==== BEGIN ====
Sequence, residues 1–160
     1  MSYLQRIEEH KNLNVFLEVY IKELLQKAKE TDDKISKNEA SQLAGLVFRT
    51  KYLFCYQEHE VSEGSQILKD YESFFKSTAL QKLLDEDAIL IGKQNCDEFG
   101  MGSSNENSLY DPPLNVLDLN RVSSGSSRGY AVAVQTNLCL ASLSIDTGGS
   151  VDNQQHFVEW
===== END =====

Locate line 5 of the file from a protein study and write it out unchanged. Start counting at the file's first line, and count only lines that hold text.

   151  VDNQQHFVEW